Solo RPG: playing on your own

And so you found yourself playing alone…. Maybe you bought yet another game, but no one wants to play it with you. Maybe you’re cooped up in your mountain cabin 50 kilometers away from the first city, with no stable connection, and on a cold and boring evening you get the urge to role-play…

Whatever your motivation, know that solo gaming is not the child of a lesser god and has always been an option. And that there is the presence of a sizable school of solo gamers out there.

Premises:

  1. If you are not interested in the “historical” aspect but only in the “practical” one, you can safely skip the relevant section.
  2. For the purposes of this article, gamebooks (aka “choose your own adventure”) are not considered solo role-playing systems.

TL;DR

  1. You like OSR and
    1. you have some gold pieces to spend: get Scarlet Heroes
    2. you are broke: retroclone of preference (free version) + (optional: Black Streams Solo Heroes) + a free oracle (see below)
  2. You like the old-school vibe but prefer PbtA (Dungeon World): get Ironsworn
  3. You already have your own system (or want to test one) to play solo and
    1. you have 5$ left over: Mythic Game Master Emulator.
    2. you are broke: Conjectural Roleplaying Gamemaster Emulator (CRGE) (PWYW)

Playing OSR solo

I’ll clarify that I love Four Against Darkness. It is a pen-and-paper dungeon crawler that recall some mechanics and tropes of old school gdr, but it is not and do not claim to be complete RPG (nevertheless I recommend it anyway).

It is totally possible to play OSR solo and to do so you need:

  1. An oracle (see below).
  2. Many random tables (but you already have them, I don’t have to suggest them to you, do I?): tavern entries, bait and hooks for the adventure, patrons, NPCs, descriptions of environments, sounds, noises etc etc.
  3. Procedural wilderness and dungeon generators. Optional and not strictly necessary, you could use pre-generated maps and just roll for content. I personally prefer the element of surprise and then generate everything as I am exploring. A great place to start is with Appendix A and B of the AD&D DMG. I’ll also link at the bottom to some free resources. But you know you have to buy the DMG anyway, right?
  4. Scalability. OSR games are mostly designed for party play. This results in an even higher mortality than usual if you play only one character without tricks, so you can:
    • Make a sheet for an entire party and move all the characters around: it’s tiring, but if you like it why not? Also you can play relationships between characters if you want more fiction.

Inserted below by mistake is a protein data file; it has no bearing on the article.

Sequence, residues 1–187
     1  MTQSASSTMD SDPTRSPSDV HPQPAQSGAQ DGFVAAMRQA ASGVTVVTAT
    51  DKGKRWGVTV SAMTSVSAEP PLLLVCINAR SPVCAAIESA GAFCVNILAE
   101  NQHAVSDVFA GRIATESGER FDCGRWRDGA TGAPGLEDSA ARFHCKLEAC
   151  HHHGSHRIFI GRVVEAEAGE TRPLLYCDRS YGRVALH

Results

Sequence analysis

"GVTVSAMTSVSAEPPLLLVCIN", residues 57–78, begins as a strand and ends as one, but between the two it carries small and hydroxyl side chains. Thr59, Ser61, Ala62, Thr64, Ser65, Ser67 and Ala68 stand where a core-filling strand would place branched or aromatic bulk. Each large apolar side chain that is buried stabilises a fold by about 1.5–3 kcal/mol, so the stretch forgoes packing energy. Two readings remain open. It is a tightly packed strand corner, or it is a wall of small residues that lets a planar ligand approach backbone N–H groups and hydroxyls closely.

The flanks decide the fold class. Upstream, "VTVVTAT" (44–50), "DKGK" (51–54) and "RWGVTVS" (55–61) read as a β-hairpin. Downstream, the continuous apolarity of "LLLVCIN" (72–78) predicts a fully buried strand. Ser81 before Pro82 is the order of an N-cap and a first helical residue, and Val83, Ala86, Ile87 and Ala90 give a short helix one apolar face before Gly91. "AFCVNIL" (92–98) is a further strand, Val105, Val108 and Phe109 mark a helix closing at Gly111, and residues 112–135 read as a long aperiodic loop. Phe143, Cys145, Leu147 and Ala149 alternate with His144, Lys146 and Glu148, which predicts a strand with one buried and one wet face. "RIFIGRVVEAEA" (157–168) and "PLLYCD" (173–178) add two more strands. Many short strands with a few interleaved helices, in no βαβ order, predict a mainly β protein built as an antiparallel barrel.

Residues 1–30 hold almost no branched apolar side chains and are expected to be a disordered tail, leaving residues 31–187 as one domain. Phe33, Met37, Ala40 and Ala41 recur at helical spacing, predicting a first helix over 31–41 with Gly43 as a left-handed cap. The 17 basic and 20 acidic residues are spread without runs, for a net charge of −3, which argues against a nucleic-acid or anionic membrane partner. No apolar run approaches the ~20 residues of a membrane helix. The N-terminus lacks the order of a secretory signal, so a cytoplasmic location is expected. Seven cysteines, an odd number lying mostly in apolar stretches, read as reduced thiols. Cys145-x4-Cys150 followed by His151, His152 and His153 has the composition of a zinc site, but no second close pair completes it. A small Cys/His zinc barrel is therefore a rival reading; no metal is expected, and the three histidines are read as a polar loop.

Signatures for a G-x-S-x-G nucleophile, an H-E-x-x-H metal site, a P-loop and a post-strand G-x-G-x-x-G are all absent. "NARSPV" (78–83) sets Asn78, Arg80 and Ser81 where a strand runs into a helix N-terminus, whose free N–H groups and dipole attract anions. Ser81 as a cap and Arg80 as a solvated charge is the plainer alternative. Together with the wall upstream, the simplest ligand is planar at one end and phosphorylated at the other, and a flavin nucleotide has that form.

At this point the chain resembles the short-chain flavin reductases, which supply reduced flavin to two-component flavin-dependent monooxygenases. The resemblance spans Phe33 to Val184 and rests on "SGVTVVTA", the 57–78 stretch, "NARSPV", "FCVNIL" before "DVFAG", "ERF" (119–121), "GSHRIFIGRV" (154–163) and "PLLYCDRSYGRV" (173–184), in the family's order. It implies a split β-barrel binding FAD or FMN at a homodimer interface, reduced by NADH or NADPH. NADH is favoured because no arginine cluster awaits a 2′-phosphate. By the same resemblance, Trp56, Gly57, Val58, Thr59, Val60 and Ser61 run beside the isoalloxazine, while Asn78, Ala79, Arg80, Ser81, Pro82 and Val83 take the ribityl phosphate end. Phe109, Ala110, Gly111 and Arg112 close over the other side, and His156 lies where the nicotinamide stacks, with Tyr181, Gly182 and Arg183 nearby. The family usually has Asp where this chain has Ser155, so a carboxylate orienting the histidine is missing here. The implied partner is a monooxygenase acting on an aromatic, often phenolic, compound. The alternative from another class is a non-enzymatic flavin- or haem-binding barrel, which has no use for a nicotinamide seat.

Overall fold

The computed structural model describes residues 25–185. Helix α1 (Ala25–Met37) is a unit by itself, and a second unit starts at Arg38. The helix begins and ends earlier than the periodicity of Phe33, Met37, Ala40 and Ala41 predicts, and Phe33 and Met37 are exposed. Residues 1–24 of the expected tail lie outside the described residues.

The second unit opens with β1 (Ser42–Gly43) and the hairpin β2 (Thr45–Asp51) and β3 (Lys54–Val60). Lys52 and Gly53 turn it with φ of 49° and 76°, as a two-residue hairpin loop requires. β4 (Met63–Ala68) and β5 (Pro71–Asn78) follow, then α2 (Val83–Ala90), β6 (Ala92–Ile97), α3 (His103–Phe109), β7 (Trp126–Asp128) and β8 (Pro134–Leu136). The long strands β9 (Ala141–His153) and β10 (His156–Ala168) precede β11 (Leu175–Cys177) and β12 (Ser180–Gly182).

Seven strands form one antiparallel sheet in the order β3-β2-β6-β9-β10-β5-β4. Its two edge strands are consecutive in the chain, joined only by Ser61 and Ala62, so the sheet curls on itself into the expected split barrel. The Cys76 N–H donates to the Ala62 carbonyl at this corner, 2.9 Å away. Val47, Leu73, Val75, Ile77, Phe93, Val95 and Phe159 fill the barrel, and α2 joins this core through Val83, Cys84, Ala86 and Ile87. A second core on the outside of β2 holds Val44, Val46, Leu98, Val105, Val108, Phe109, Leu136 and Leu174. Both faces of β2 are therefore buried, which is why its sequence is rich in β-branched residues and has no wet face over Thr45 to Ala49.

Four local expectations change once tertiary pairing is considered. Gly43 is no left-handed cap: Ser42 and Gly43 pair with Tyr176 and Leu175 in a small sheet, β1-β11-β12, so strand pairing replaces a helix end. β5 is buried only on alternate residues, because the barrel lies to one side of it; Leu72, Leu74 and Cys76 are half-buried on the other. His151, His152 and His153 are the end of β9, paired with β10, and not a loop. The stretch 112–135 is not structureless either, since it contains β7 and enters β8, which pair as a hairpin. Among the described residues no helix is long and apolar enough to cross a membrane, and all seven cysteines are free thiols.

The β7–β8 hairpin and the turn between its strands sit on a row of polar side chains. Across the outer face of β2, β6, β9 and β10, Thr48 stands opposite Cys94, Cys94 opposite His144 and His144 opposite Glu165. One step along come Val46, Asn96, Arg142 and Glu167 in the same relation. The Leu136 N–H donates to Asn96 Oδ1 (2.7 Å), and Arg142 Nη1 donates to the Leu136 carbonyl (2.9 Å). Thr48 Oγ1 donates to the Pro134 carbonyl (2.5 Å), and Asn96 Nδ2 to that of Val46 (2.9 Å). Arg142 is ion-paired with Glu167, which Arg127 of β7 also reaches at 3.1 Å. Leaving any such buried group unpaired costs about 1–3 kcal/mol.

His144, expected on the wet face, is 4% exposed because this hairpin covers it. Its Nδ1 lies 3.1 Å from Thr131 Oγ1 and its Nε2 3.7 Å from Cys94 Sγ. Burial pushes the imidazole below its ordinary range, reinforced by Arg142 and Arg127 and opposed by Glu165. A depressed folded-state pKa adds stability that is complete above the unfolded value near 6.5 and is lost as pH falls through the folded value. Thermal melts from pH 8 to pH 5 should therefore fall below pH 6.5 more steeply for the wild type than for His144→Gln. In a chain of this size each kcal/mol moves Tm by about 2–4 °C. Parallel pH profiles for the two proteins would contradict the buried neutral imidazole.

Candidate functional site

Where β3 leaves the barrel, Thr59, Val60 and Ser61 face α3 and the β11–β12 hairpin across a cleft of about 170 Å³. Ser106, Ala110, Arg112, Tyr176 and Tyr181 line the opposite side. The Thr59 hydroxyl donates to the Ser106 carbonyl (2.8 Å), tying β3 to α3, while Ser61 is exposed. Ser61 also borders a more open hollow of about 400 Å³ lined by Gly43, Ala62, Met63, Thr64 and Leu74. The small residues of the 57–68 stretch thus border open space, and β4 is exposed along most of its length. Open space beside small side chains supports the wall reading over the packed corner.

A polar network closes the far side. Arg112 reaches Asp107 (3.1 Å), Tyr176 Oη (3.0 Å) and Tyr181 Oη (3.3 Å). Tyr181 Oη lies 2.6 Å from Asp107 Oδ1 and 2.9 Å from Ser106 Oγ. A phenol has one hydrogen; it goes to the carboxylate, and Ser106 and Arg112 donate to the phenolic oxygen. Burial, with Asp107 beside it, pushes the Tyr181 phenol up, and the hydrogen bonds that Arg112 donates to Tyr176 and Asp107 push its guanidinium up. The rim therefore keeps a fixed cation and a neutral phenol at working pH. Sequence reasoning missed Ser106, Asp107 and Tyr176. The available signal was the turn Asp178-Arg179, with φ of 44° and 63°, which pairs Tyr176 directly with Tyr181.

• Use only one PC and surround him with mercenaries and henchmen: go on derogation and use them already at low levels. They will only be pawns to be used in battle. They generate less fiction, of course, but for quick dungeon crawls there is less to manage.
    • Use a resolution method that allows you to play only one PC while keeping your opponents’ stats intact. Here’s just one alternative I can think of: Black Streams Solo Heroes by Kevin Crawford (later developed into Scarlet Heroes, see below).

There is only one limitation on which there is no shared codified solution: how to handle traps and puzzles? In an OSR there is no such thing as “looking for traps” and indeed one of the staples is to leave it to exploration and creative solutions to overcome obstacles. It is clear that as players/arbitrators all-in-one even if you randomly pull for a trap and pretend that the PG does not know, in any case the surprise effect is well and truly gone. I haven’t found any solutions yet and I invite you to suggest them in the comments.

A bit of history (in brief)

Ok, so roleplaying is a social activity, who denies that. It started with groups of wargamers (that’s a fact) who used to hang out in basements moving miniatures. And they were large groups, in numbers that a current RPG would struggle to handle. Original Dungeons & Dragons even provides that there can be 50 players (!) at the table, with a referee/players ratio of about 1/20.
The first RPG authors, however, knew well that outside their circles the new type of game would not have large groups of players right away. It was a real possibility that a new player would buy the manual and find himself without a group.
That’s why already in the first issue of the original TSR zine “The Strategic Review” (Spring 1975), Gigax published the famous guide to “Solo Dungeons Adventures” (which was included 4 years later in Appendix A of the Dungeon Master Guide of Advanced Dungeons & Dragons), in whose introduction he quotes:

Although it has been possible for enthusiasts to play solo games of DUNGEONS & DRAGONS by means of “Wilderness Adventures, there has been no uniform method of dungeon exploring, for the campaign referee has heretofor been required to design dungeon levels. Through the following series of tables (and considerable dice rolling) it is now possible to adventure alone through endless series of dungeon mazes!

Here Gigax clarifies two somewhat implicit aspects of OD&D:

  1. solo play has always been possible; the third booklet contains the procedural material to do so;
  2. in his opinion, solo play must be supported by “considerable dice rolling” on random tables.

A couple of years later Traveller is published, and here too the solitaire option is contemplated and even made explicit in a special paragraph in the introduction of Book 1: Characters and Combat:

The Solitaire Game: One player undertakes some journey or adventure alone. He or she handles the effects of the rules as the situation progresses. Solitaire is ideal for players who are isolated by situation or geography. In addition, there are many aspects ideally suited to solitaire consideration. A single player can spend the time generating characters, designing starships, generating worlds and subsectors, planning situations, and mapping out ideas to use in later group adventures.

In Traveller, the solo game is seen as a complement rather than a substitute for the group game, which makes use of the mini-games in the rules to generate material for the Referee. We will see that in recent times also for this type of games a “only” complete solution has been thought.